Is Your Meditation Good Enough?
For most of my twenties, I focused on practicing meditation and working at a Buddhist-inspired university. I completed several month-long meditation retreats, and I wondered how people who didn’t have the privilege of intensive retreat could really deepen the practice of meditation.
Then, in my early thirties, I moved to Los Angeles, and helped manage a grant for teaching mindfulness in Veterans Hospitals. That story I had inherited of how much meditation counted as “good enough” changed the second I saw the impact on people in hospitals who were practicing mindfulness for the first time. I saw how in a single moment, a shift of attention inward can reveal the basic good-enough-ness of simply being present. One moment of mindfulness was good enough.
And yet, if you’ve meditated, you know that this feeling can be fleeting.
When the mind is fueled by unpleasant emotions, a simple stimulus – a sound, a feeling in the body, a memory – can be the beginning of the next tragic chapter. And when it’s fueled with pleasant sensations, the mind can tell us all sorts of uplifting stories about ourselves… until the next unpleasant one comes. This cycle creates a washing machine feeling. We are constantly being pulled around by the cycles of not enough and then enough, and then not good enough again.
This may seem obvious, but it amazes me how ingrained this “not good enough” storyline is. It is very chameleon-like too, even masquerading as stories about meditation itself. It slips in when I least expect it and says, I should meditate more, or my mind should be quieter, or meditation should be more relaxing than it is.
The good news is that the more I see this pattern, the more it loses its grip. As soon as I see it, now I’m mindful, and now I can shift my mindset to basic good-enoughness. Every moment of meditation is an opportunity to just know and sense whatever is happening – and that is good enough! That moment is the possibility for touching the innate completeness that we yearn for. As Sharon Salzberg says, “a moment of mindfulness is a moment of freedom.”
Over time, these moments add up into many moments, and eventually, this can rewire the negativity bias that we all have to accentuate what’s wrong in any situation, rather than what’s right.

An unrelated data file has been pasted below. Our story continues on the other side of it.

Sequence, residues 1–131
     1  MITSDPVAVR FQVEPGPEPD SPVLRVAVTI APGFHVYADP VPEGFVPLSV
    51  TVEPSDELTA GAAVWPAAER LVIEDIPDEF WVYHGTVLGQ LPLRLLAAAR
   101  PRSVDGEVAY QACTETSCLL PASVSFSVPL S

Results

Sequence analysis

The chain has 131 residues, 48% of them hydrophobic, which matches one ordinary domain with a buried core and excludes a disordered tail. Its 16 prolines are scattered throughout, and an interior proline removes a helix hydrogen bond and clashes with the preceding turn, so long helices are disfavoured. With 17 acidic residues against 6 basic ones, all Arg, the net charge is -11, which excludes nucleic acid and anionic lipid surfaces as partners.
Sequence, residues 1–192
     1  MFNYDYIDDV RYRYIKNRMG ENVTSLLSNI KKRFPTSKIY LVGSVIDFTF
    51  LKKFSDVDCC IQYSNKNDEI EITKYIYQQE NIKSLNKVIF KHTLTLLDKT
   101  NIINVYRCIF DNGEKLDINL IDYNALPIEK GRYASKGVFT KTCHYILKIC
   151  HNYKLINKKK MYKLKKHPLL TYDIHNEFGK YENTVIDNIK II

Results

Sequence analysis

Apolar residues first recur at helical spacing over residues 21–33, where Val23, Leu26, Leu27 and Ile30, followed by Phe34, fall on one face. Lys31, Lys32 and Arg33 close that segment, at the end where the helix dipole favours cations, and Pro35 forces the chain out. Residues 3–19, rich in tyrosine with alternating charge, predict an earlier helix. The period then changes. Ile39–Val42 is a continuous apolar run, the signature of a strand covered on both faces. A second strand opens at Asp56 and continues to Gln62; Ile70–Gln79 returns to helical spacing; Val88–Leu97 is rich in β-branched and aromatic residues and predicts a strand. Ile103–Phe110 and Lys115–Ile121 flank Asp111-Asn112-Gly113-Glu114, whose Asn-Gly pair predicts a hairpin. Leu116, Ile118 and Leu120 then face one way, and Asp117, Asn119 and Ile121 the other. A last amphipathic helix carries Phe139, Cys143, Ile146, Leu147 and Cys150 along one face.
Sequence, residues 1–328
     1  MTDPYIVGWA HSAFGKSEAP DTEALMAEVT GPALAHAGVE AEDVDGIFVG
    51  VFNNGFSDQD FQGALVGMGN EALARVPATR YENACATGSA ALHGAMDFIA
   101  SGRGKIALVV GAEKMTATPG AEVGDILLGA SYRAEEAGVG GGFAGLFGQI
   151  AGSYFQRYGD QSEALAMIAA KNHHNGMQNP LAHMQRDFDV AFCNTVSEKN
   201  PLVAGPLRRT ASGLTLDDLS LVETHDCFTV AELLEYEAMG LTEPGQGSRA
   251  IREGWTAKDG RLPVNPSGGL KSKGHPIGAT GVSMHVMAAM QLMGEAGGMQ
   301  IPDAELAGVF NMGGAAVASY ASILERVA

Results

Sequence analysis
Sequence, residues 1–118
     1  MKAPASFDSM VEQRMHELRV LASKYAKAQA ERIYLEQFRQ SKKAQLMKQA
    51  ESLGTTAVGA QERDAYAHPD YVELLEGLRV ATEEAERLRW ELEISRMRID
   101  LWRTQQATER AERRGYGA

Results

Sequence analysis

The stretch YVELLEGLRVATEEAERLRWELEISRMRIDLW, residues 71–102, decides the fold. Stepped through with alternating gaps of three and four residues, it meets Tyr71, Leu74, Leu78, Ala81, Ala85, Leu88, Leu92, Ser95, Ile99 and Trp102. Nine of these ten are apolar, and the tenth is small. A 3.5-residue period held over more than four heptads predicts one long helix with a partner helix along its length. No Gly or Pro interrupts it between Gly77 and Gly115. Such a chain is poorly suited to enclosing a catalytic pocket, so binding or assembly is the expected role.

So, I encourage you to check in about the storylines that get created around what kind of meditation is “good enough.” Try this experiment. Start with a simple prompt, whether you believe it or not, like “this is not good enough.” Then you might add, “this meditation would be better if….” See if you can play with this. Let the stories get as big as they want to get -- maybe the stories are of lack, incompleteness, or unworthiness -- all the while remembering that you’re exploring them, not believing them.
But then, see if you can let these stories go, and tune into the good-enoughness of just one moment of mindfulness. Come back to the simple movements of breathing, the simple sense of being alive. Come to know the feeling of dropping the story in this way, and what’s left over when you do.
And then, the next time one of those stories arises on its own, pause. Sense the impact this has on your mind, body, and heart. Ask “what story am I making up?”
We can free ourselves from believing stories of not-enoughness if we see them clearly. We can step out of old grooves and begin to weave a new story that starts with the foundation of good-enoughness. Whenever you remember, that is good enough.
Of course, the stories are also good enough, in their way. As the Buddhist Teacher David Loy says, “The world is made of stories. We don’t have to get rid of them, yet we need to learn to tell stories in a new way.”
And then, paradoxically, from that sense of wholeness, you might find a willingness to do more: to improve, to heal, to make a difference in the world.
Emily Horn is on the core team of Buddhist Geeks, which integrates technology, culture and meditation. She is a teacher at Spirit Rock Meditation Center, Insight Meditation Society, and InsightLA, and has been called a "power player of the mindfulness movement" by Wired Magazine.